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Marketeer of the month

By The Drum | Administrator

January 28, 2004 | 6 min read

Like every excited youngster, there was a special group of adults counting down the days until 25 December last year. For the British space team were eagerly anticipating their probe landing on Mars on Christmas Day.

However, somewhere floating in space, alongside the ball from Chris Waddle’s penalty in the 1990 World Cup semi-final, is Beagle 2. It may even be on Mars but hidden beneath a crater – there’s a galaxy of possibilities and we’ll probably never know.

Of course, there has to be someone to face the criticism, questions and cynicism of the world’s press – enter Professor Colin Pillinger, head scientist and chief spokesperson for the mission. With his dishevelled hair, bushy sideburns and crooked smile, Pillinger looks every bit the mad scientist. And fitting the appearance perfectly is his eccentric and animated demeanour – all in all, a complete contrast to the discipline and Armani whistle and flutes besieging NASA’s operation across the pond.

And, of course, it’s NASA that is sitting rather pretty, having kicked off January by landing its hi-tech, and no doubt gloriously expensive, probe on its intended target and beaming back the best images of Mars ever taken.

However, refusing to give up hope of finding Beagle 2 and remaining upbeat about the whole episode is Pillinger. Speaking on BBC Radio 4, the professor spoke openly of his passion for space exploration, and how he hopes his unconventional persona has provoked a reaction in people, inspiring interest in space exploration this side of the Atlantic. This all begs the question of how successful, even if indirectly, has this mission been? Could it be that Pillinger’s manner and his continued media relations work has given a wake-up call to the British public about the importance of space travel and, in particular, our involvement in it? Or does Pillinger simply reinforce stereotypes of the nutty professor while the failure to contact Beagle 2 confirms Britain’s involvement as a mere ‘also ran’?

Carl Hazard, deputy MD of HRO’C, believed Pillinger’s presence in the media was merely a manifestation of the press interest in a major news story. He commented: “My immediate reaction is that Pillinger didn’t need to do anything to spark media interest – this was going to be a first in space exploration and so was always going to generate column inches. I don’t think Pillinger was responsible for the hype.”

Be that as it may, Pillinger has been facing the cameras since day one and many believe he’s the right person for the job. Graham Green, director at Reeves Green, believed putting the professor in this role has been a stroke of genius. “A triumph of branding over substance. The Nutty Professor’s chosen image is the perfect antidote to – and therefore protection against – failure. His wild hair, accidentally retro specs, and graphically emotional gestures all support an impression of the ‘gifted amateur’, which the British love so much,” Green said.

So is Pillinger an accidental hero in the mould of Clouseau and Frank Drebbin? Colin Shevells, the newly appointed head of PR at Robson Brown, believed so: “Pillinger follows in a great line of British eccentrics to explore, and this achievement is the greatest since Wallis and Gromit went to the moon, which was also inspired by a British eccentric, Nick Park!”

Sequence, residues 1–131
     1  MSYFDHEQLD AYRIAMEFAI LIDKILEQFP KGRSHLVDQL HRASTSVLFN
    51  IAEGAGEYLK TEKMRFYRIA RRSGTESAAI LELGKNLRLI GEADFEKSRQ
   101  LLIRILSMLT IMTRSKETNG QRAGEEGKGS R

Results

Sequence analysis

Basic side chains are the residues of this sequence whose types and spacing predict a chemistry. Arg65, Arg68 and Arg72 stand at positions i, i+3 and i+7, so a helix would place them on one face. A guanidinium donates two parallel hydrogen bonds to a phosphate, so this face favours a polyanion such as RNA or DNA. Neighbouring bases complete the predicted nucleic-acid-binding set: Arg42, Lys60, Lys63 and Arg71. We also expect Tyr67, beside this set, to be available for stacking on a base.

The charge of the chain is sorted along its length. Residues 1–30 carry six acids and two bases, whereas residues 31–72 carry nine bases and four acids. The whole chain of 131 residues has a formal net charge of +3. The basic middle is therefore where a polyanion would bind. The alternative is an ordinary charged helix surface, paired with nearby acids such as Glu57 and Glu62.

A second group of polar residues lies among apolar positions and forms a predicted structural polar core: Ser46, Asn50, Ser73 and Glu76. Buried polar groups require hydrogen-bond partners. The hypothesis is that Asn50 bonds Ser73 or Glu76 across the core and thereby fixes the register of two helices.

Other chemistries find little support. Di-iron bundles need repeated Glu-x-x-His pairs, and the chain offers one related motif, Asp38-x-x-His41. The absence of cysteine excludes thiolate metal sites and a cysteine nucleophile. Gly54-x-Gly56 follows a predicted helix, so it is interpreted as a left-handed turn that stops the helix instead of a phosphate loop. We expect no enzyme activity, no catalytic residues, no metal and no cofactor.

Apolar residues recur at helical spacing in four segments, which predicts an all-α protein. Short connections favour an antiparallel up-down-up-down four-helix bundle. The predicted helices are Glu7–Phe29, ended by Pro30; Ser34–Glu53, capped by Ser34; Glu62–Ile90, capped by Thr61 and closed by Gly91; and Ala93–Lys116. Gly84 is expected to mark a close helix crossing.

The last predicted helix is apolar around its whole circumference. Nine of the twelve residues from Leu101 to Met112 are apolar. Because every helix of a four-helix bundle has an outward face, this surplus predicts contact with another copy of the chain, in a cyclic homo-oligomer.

Shevells added: “It’s refreshing that the whole thing hasn’t come across in a corporate way. Because he hasn’t over sold the mission, or over spent, it has the markings of being a personal dream for him and, as a result, I think people will have a great deal of sympathy for him and his team.”

However, Hazard is cautious about how the majority of the British public will judge the mission because of the professor and all his quirks. “He looks like a mad professor, which doesn’t help stereotypes, and I think there’s a danger that some Brits will view the failure to achieve what they set out to do as simply a reinforcement of Britain’s image as the ones who always come second yet always try their best, which would be a shame,” Hazard commented.

So has the fact that objectives have not been met made the British look like boys playing a man’s game? Green concluded: “In truth, the Beagle – already aesthetically much maligned by Brian Sewell – was a disaster. Dramatically planned to land on Christmas Day, it might have outclassed the Queen’s Christmas Message ... but it probably fell into a crater and we had to ask the Yanks to find it. But for Colin’s reputation, it didn’t matter.

“As a media personality, as a brand, he is a genius in the mould of Eddie the Eagle. The diminishing TV appearances of Patrick Moore and the absence of Magnus Pike mean there\'s a media vacancy for the eccentric Englishman. If he hasn’t got a manager, I have a contract waiting here.”.

Speaking with a refreshingly optimistic outlook, Shevells believed the tunnel of technical failure has simply been leading to a shining PR light at the end. “I hate it when, as a nation, we criticise people for having a dream. Often we’re so quick to jump up and say ‘we told you so’. Pillinger was the underdog and therefore it’s a fantastic human PR story – he’s inspired a mission that’s come from small beginnings on a shoestring budget, yet managed to get this probe into space – he’s a real character,” he argued.

Only time will tell if Beagle 2 has been successful enough to encourage further exploration from the British space team, and backing from the government, or if people will simply regard it with the respect warranted to a Britney Spears marriage.

Is Pillinger the only real success story of the mission? Is Britain becoming the butt of jokes amongst the world’s leading scientists? I guess the answers, like the probe, are still out there.



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